The public advocacy side of Czapski’s career was drawing to a close in the 1950s, but one of its final episodes illustrates the challenges that the supporters of the Congress for Cultural Freedom were up against. He’d had all sorts of difficulties finding a publisher for his memoir of his Katyn mission; even a truncated version was rejected, because it was (accurately) deemed anti-Soviet. In autumn 1950, he agreed to appear as a witness in a libel trial brought by a former Resistance fighter who had been called a liar for writing about the Soviet camp system. (The plaintiff was in fact the first to use the word “gulag” in a French publication.) The respondent in the case was a French communist publication. It bears remembering that, at the time, and even after Nikita Khrushchev’s 1956 secret speech, many members of the French Communist Party were unrelentingly Stalinist. Czapski’s testimony corroborating what the plaintiff had witnessed created an uproar that enlightened some on the Left and contributed to the plaintiff’s winning the case. (Jean-Paul Sartre, of course, refused to believe him.)

Holde Kunst, Noble Art

Living in a house shared with a group of Polish expats and their small publishing enterprise, joined eventually by one of his sisters, Czapski was able to return to painting in the 1950s. Karpeles’s understanding and appreciation of what this meant to the man, and what his artistic achievements became, are explored in the biography’s most vivid and evocative passages.[2]  Supported and encouraged by an appreciative group of artists and writers, Czapski drew and painted, as well as writing for the journal Kultura and traveling to raise funds for its support. Beginning in the early 1970s, a Swiss gallery regularly showed a collection of his paintings, widening his audience and augmenting what had always been an extremely modest income.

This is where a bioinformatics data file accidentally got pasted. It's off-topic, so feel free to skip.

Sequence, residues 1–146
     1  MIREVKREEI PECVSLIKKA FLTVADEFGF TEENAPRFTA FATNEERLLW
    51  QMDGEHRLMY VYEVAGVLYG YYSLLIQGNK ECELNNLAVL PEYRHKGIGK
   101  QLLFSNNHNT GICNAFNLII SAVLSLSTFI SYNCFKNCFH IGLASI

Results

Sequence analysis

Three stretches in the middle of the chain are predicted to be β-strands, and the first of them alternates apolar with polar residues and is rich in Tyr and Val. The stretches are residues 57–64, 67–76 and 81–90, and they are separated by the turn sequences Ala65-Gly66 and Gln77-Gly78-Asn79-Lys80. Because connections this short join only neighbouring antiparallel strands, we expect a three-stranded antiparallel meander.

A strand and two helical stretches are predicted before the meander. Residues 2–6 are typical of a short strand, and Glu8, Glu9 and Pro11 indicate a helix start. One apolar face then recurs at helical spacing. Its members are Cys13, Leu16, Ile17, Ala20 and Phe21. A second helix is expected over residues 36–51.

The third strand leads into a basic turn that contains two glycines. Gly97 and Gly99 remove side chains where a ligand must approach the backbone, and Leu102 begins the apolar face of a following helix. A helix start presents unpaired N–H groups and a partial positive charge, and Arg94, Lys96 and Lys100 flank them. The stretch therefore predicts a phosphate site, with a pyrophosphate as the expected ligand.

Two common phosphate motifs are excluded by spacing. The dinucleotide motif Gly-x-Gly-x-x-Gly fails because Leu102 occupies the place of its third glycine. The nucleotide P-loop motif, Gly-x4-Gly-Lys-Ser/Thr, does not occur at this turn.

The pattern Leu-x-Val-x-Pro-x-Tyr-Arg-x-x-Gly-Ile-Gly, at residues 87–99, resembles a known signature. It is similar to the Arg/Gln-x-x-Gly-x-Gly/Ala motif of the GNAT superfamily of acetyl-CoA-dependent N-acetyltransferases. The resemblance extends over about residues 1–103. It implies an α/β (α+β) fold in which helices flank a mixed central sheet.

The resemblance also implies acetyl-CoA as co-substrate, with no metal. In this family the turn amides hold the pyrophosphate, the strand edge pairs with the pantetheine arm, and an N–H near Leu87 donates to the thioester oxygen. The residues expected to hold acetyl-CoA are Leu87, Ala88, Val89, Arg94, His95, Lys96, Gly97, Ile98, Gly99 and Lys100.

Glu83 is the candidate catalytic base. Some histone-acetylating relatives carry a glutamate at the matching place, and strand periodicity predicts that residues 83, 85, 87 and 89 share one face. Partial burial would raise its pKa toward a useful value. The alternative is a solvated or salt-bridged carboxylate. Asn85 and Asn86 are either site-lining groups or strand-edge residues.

Despite the terrible blow of failing eyesight in the last years of his life, Czapski continued painting—the nearly monochromatic At the Eye Doctor of 1982, when he was 86 years old, includes “a tall bouquet of flowers” humorously reminiscent of “Munch’s Scream reconceived as a flower arrangement,” says Karpeles. When he could no longer see shapes, in his 90s, he drew lines and boxes, comprehending space. He wrote “Katyn” over and over, and the names of people and places he remembered. In Polish he wrote: “You have to prepare for silence.”

A much younger friend was with him when he died. They were listening to Chopin, and he quoted to her in German some words of Franz Schubert: “Holde Kunst.” “Noble Art.”

Czapski once recounted what it was like to work toward acquiring the skills of the visual artist. “Two drawings of some tulips,” he said, “seemed to me suddenly to come alive. Why? Because I felt them as I was drawing them . . . as if there was no break between the end of my pencil and myself. I was at the end of my pencil.” Karpeles, for his part, tells us it was his hope “to bring Czapski to life in the way he describes drawing these tulips. He and I meet at the end of my pencil.” The rest of us are lucky to meet both of them in these books.

[1] Czapski’s account of his search for the disappeared Polish officers, Inhuman Land: Searching for the Truth in Soviet Russia, 1941–1942, was also published by New York Review Books in 2018, translated by Antonia Lloyd-Jones with an introduction by historian Timothy Snyder.

[2] Karpeles’s monograph on Czapski’s painting, Józef Czapski: An Apprenticeship of Looking, is forthcoming from Thames and Hudson in October.